Lawrence Modic no longer owns a house on Manchester Road. How he came to buy and then lose the house to demolition presents a signal lesson in real estate transactions.
Modic bought the dilapidated, 1925 house in May for $10,000. He spent weekends trying to fix it, in the hope of establishing residency in Akron. But in September, after granting him time during the summer to fix the property, the Housing Appeals Board voted to demolish the house. Modic said he was not aware when he bought it that the house had been cited for numerous violations and was under orders for repairs. He failed to appeal the demolition order within the required 30 days. Worse still, he threatened to do violence against anyone who attempted to carry out the order.
Last week, a court rejected an appeal to block the demolition, and the house was pulled down Tuesday morning, along with another next door.
It has been too easy to see in this saga an unsympathetic city bureaucracy putting the screws on a homeowner — and an Army veteran at that — doing his best to save his property and investment. And Modic deserves some sympathy, insofar as those who sold him the property failed to disclose the problems the city had with it.
All said, Modic’s plight boils down to a question of responsibility: that of a seller fully to disclose problems that might reduce the value or desirability of a property and of a buyer to do his or her own due diligence in checking out the history of the property. In that regard, it is encouraging that city officials plan to find ways to make such information more easily accessible to the public. The Akron City Council also is noodling legislation to require sellers to disclose pending housing or zoning violations. The purpose here should be to fill in where existing rules and oversight are inadequate to prevent Modic’s unfortunate experience.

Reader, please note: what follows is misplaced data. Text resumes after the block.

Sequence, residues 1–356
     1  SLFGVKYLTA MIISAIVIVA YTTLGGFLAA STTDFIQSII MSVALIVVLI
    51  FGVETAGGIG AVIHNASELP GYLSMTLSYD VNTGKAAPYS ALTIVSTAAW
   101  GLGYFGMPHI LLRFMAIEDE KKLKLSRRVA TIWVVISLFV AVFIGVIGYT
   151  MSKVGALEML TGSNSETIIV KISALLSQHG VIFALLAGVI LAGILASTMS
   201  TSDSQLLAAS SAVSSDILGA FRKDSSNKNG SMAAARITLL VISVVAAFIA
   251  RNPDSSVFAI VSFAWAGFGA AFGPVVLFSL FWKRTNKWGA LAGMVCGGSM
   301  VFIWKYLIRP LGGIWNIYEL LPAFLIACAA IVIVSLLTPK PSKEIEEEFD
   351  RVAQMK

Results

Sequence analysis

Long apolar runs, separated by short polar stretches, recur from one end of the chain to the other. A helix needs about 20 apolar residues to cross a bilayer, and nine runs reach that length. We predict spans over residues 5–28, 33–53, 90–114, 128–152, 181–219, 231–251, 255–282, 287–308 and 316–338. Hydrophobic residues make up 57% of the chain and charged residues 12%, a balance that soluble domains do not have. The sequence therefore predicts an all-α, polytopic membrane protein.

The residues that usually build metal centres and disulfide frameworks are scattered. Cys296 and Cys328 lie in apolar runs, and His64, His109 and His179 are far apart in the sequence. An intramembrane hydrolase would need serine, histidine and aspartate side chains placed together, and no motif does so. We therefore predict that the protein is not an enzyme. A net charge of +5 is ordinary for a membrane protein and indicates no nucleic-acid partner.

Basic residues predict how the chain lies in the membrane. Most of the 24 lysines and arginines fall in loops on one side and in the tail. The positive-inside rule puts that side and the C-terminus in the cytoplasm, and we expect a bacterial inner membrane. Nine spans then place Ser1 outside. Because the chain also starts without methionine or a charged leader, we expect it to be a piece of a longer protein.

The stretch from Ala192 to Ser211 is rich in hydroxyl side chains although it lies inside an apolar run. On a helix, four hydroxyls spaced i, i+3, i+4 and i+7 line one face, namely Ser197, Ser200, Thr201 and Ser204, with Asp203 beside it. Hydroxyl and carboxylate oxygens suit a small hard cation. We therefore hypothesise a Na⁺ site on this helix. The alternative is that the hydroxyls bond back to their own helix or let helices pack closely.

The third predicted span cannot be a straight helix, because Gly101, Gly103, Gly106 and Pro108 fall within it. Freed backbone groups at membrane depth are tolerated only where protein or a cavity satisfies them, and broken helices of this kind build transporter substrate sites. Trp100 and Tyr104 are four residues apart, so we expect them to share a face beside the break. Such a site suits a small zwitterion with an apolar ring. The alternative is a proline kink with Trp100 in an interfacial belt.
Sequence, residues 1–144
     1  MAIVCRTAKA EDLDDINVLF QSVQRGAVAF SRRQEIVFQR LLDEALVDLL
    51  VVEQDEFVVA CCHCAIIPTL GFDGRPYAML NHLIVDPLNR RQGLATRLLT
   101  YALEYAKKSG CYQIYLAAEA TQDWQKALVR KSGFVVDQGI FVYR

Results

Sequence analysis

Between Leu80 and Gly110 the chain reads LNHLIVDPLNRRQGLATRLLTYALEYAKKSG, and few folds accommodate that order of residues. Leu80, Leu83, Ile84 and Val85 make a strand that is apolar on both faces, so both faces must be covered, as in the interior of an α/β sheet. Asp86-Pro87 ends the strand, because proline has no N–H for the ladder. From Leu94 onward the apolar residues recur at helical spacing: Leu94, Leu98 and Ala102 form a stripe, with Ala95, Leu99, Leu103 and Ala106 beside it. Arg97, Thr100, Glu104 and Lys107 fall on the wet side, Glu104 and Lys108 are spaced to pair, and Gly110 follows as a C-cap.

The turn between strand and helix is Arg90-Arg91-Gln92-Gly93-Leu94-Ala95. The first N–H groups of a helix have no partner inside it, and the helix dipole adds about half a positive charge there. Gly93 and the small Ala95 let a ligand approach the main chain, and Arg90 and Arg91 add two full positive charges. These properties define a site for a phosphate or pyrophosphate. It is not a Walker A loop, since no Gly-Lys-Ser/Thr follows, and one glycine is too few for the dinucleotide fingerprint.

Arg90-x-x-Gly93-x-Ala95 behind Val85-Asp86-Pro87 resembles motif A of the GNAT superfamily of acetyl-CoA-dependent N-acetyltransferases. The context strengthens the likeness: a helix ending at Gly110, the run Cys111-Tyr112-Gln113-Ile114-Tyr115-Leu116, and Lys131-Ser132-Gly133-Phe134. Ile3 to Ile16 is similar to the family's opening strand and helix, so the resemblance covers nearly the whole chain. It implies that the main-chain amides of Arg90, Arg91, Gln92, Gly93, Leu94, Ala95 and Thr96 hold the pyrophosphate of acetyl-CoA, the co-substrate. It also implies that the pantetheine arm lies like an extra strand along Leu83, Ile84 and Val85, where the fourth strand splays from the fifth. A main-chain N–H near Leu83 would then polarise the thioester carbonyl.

Modic’s was one of 650 houses Akron plans to demolish this year. About 2,000 more are under consideration. In the wake of a severe foreclosure crisis, the larger obligation is to prevent a glut of decrepit, vacant or abandoned properties from further dragging down the value of surrounding properties and depressing neighborhoods.